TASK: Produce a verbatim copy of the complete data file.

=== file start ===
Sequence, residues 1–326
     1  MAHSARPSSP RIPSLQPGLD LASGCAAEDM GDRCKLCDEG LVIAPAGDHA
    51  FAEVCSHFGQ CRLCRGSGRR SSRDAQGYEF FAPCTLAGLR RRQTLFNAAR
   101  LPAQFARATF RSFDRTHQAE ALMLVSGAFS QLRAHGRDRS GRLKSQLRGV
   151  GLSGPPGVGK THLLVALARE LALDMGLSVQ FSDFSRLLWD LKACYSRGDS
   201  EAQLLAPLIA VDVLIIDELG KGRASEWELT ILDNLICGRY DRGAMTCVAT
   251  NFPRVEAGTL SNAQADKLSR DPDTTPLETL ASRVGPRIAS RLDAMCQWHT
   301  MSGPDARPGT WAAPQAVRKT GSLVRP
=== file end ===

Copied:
Sequence, residues 1–326
     1  MAHSARPSSP RIPSLQPGLD LASGCAAEDM GDRCKLCDEG LVIAPAGDHA
    51  FAEVCSHFGQ CRLCRGSGRR SSRDAQGYEF FAPCTLAGLR RRQTLFNAAR
   101  LPAQFARATF RSFDRTHQAE ALMLVSGAFS QLRAHGRDRS GRLKSQLRGV
   151  GLSGPPGVGK THLLVALARE LALDMGLSVQ FSDFSRLLWD LKACYSRGDS
   201  EAQLLAPLIA VDVLIIDELG KGRASEWELT ILDNLICGRY DRGAMTCVAT
   251  NFPRVEAGTL SNAQADKLSR DPDTTPLETL ASRVGPRIAS RLDAMCQWHT
   301  MSGPDARPGT WAAPQAVRKT GSLVRP